Purpose: This study aimed to compare thermal resistance of Enterococcus faecium and Salmonella in peanut butter, almond meal, wheat flour, nonfat dried milk powder, date paste, and ground black pepper; and to determine reproducibility of results across five laboratories.
Methods: Each of six low-moisture foods were assigned to two laboratories, with the lead laboratory inoculating samples, testing homogeneity, and equilibrating to the desired water activity (aw) prior to shipping. The products were inoculated with E. faecium NRRL B-2354 or a five-strain Salmonella cocktail (Agona, Typhimurium, Montevideo, Mbandaka, Enteritidis - all from low-moisture products). Both laboratories subjected samples to three isothermal heat treatments and survivors were enumerated on differential media.
Results: Overall, Salmonella showed lower (P<0.05) thermal resistance than E. faecium in almond meal, peanut butter, and nonfat dried milk powder. Although almond meal and peanut butter have a similar fat content, E. faecium and Salmonella showed less thermal resistance in almond meal (D90°C Ef: 8.55±0.13 min; D90°C Sal : 7.24±0.08 min at 0.45 aw) than in peanut butter (D90°C Ef: 21.17±0.21; D90°C Sal: 11.45 ± 0.25 min at 0.25 aw). Milk powder, at 0.25 aw , showed greater thermal resistance of E. faecium (D90°C: 25.20 ± 0.94 min) and less thermal resistance for Salmonella (D90°C: 6.69±0.13 min at aw0.25) than in almond meal and peanut butter.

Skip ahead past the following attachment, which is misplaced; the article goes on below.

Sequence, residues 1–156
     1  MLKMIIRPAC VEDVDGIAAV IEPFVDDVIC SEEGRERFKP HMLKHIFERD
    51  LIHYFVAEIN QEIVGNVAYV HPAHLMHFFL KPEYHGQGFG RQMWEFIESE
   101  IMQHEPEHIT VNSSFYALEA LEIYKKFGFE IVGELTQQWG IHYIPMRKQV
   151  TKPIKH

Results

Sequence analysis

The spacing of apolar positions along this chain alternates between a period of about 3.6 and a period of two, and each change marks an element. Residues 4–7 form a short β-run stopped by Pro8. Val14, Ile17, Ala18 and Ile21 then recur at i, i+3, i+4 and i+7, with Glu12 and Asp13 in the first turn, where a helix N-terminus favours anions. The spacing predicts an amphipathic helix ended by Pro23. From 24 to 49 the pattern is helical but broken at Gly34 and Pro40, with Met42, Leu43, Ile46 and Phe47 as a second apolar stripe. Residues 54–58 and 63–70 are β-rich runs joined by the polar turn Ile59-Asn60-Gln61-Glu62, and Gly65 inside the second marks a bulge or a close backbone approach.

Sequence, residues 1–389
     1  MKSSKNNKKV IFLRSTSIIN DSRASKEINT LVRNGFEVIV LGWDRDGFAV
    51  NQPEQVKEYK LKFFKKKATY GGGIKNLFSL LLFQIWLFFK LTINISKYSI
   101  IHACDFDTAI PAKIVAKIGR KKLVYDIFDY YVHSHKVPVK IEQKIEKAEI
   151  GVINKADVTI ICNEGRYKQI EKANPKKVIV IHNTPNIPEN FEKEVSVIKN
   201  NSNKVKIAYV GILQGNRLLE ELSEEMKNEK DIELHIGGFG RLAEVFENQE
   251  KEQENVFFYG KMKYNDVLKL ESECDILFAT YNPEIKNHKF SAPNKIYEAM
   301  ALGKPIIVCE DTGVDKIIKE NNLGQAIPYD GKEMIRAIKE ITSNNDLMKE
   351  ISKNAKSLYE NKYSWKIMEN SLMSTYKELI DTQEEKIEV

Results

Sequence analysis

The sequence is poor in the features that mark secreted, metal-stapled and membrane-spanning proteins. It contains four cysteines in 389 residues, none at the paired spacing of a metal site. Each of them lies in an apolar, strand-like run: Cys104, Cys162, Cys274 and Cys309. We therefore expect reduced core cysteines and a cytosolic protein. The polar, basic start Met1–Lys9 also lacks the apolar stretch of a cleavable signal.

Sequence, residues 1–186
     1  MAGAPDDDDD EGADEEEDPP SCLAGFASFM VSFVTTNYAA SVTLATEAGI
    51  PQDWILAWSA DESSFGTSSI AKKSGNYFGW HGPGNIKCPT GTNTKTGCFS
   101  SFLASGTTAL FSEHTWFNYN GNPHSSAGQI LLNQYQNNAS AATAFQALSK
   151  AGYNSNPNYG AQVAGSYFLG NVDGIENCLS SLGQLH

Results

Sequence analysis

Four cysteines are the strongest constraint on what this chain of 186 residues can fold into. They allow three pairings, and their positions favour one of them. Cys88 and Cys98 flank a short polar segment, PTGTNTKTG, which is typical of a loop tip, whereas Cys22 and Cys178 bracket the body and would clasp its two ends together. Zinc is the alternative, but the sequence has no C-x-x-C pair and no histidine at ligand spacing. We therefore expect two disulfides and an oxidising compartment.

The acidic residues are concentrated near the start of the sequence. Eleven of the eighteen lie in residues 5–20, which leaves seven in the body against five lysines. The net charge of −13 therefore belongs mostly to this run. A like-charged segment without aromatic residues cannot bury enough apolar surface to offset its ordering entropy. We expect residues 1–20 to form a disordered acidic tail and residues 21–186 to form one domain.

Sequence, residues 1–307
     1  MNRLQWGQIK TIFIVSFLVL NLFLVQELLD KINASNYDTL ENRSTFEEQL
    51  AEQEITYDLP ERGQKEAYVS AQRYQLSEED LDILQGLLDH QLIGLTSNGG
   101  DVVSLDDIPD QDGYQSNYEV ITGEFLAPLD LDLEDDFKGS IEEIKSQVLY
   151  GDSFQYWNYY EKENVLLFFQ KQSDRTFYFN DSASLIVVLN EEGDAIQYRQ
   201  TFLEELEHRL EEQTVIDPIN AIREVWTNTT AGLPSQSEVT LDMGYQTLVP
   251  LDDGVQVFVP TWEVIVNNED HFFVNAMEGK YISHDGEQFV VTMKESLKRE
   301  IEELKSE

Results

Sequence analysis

Significance: Overall, E. faecium appears to be a robust surrogate for Salmonella spp. across multiple low moisture products (with multiple cross-laboratory validations); however, product characteristics significantly impact that relationship. It is, therefore, necessary to consider product composition when validating thermal processes for low aw foods.